27 April — 09 May, DCA
Let The Sunshine In (Un beau soleil intérieur) is the sun and all her strength; raw and revealing, it exposes the destructivity of ‘the affaire’ culture. Directed by the highly revered Claire Denis, the film received the SACD award at the 2017 Cannes Film Festival. A loose adaptation of Roland Barthes’s A Lover’s Discourse: Fragments, Let The Sunshine In is uncompromising, often uncomfortably so, in its portrayal of romance. It is ambitious, and yet, this feature film accomplishes exactly what it sets out to do; it sheds light on the disparity between intimacy and idealism.
Isabelle (Juliette Binoche) captivates men. Perhaps it is her dress—the see-through white tank in stark contrast with black leather jacket, skirt, and heels—that suggests a free-spiritedness within. This allure attracts certain men throughout the film because it epitomises their deepest desire: to be as free as they believe their lover to be, free from love to lust and lose. Isabelle is as piercing as her candour is hypnotic, however, Binoche’s careful performance enables the audience to see that her character is anything but free. Her whimsicality conjoined with insecurity holds this seemingly ‘loose’ artist prisoner to a loneliness so strong it overwhelms her to the point of desperation.
Cesar award-winning cinematographer Agnès Godard deserves applause for her attention to the montage of break-up, brush-off moments shared between Isabelle and her ‘Other.’ The film often transitions from long to close-up shots where facial features capture the vulnerability of each character’s most intimate version of themselves, interspersed in sequences of silence and sound. The entire film is depicted in a series of fragments through which the emotionally-wrought, middle-aged protagonist struggles to differentiate sex from sentimentality. The screen time is separated by staccato sequences of physical action followed by an emotionally-draining argument, and it is the recognisability of this that absorbs the audience. In instances where one might feel like an intruder, Godard’s careful cinematography detaches the viewer from the scene whilst simultaneously upholding the immersive quality of this composition.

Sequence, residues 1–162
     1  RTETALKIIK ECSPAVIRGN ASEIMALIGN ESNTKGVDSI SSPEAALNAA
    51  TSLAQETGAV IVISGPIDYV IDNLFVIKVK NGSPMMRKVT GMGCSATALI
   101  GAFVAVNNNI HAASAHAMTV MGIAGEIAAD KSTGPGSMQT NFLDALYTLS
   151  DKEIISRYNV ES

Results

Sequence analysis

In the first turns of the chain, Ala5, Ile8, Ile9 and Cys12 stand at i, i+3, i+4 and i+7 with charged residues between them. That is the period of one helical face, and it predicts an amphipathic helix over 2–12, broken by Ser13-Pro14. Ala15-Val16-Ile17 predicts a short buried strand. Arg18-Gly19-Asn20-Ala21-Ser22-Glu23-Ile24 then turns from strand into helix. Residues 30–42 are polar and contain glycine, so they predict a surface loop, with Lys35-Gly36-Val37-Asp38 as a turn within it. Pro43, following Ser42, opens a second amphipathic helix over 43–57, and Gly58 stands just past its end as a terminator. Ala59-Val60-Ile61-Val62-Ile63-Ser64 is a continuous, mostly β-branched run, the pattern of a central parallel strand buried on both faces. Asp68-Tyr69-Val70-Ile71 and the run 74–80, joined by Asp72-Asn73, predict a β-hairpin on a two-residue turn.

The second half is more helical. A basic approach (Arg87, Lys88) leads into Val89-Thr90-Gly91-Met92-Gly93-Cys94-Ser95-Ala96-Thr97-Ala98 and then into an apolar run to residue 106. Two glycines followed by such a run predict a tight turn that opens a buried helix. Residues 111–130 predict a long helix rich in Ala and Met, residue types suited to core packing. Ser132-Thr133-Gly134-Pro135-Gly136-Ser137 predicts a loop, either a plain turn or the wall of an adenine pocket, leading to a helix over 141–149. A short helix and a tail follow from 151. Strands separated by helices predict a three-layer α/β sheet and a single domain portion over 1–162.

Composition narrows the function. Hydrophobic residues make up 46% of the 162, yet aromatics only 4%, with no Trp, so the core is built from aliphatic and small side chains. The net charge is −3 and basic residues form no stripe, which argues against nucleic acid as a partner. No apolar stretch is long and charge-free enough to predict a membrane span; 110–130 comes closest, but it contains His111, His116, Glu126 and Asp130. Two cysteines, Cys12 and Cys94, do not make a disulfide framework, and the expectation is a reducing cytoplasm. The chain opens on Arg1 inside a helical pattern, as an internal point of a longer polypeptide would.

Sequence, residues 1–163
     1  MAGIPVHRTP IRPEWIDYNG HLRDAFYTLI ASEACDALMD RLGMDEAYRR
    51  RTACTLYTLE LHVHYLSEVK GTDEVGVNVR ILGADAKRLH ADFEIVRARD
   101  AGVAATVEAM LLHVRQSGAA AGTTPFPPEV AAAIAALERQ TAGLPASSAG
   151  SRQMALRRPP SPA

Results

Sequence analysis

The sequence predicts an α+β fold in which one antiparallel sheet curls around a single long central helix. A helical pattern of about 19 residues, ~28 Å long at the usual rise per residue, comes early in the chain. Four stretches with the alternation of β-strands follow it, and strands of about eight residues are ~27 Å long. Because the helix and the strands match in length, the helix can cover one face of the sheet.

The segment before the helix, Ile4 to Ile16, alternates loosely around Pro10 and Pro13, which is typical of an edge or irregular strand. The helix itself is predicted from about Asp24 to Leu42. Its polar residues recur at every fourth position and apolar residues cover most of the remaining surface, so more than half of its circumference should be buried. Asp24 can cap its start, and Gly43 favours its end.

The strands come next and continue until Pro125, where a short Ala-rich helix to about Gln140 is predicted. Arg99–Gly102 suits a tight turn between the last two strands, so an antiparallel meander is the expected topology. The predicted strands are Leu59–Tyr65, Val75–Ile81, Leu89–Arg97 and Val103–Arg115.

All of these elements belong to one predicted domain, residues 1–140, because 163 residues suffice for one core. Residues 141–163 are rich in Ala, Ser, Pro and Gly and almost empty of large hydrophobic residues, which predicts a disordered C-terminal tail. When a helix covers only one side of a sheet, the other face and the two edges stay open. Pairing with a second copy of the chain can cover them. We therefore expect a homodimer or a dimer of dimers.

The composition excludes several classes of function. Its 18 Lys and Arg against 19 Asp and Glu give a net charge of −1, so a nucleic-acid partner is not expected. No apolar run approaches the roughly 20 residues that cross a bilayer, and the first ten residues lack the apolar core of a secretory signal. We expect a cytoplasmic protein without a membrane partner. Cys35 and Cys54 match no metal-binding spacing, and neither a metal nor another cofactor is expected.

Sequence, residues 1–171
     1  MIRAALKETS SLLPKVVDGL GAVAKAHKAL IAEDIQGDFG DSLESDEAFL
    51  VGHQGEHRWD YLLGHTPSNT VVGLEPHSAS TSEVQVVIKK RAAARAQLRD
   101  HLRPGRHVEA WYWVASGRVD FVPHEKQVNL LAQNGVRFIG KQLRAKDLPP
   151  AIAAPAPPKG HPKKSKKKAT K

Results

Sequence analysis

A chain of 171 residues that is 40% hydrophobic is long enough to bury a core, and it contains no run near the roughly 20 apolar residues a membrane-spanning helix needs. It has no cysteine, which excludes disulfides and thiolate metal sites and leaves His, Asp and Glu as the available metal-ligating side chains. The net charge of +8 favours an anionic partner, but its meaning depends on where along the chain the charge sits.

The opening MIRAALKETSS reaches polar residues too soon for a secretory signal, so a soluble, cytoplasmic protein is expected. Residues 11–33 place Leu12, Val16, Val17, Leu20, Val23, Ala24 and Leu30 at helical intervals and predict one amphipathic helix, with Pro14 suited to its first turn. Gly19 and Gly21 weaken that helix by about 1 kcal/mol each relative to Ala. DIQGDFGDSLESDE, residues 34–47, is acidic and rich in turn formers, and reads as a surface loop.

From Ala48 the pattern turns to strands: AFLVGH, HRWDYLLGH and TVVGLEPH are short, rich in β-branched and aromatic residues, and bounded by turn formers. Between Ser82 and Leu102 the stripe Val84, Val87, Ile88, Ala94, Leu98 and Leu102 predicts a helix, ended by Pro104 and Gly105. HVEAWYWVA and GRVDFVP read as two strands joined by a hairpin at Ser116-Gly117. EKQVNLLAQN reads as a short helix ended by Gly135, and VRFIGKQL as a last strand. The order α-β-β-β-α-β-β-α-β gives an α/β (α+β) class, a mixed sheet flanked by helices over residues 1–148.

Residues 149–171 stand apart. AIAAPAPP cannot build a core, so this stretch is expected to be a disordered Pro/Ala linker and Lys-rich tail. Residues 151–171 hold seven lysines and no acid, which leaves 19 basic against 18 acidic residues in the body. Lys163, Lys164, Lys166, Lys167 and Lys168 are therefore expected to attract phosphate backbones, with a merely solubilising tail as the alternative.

Let The Sunshine In compares ‘the One’ with ‘any other’ by scrutinising Isabelle’s search for love. With each impulsive relationship, an audience may begin to wonder whether the protagonist is ever given a chance of finding someone to love not only her archetypal sexuality, but also her very self. This is intentional. The feature is not about the married man (Xavier Beauvois), the elusive actor (Nicolas Duvauchelle), the noncommittal artist (Alex Descas), or a list of other men who manipulate her vulnerability for a night—a life—in her bed, and in her bed only.
If there’s criticism to be levelled at Let The Sunshine In, it is in regard to its extensive, sometimes exhaustive, focus on nudity and intercourse. Despite the fact that the film does invite the inclusion of these elements with its emphasis on the emotional damages of casual sex, the film’s theme—in all its intellectuality—seemed to lose itself at times, with the raw exposure of sex often cheapening the sophisticated tone of the film. Yet, it is clear that Let The Sunshine In is more than a commentary on contemporary romance. Its narrative and consequent narration is, indeed, intentional. Isabelle’s inconsistency is perhaps the most predictable thing about the film, and Binoche’s fluidity in this role speaks to her strength. Let The Sunshine In reaches the climax at the denouement with its experimental final credit roll. Here, a spiritualist leaves Isabelle in a state of turmoil. His words remain with viewers and in leaving the theatre they, like Isabelle, question his thoughts on loneliness, longing and love.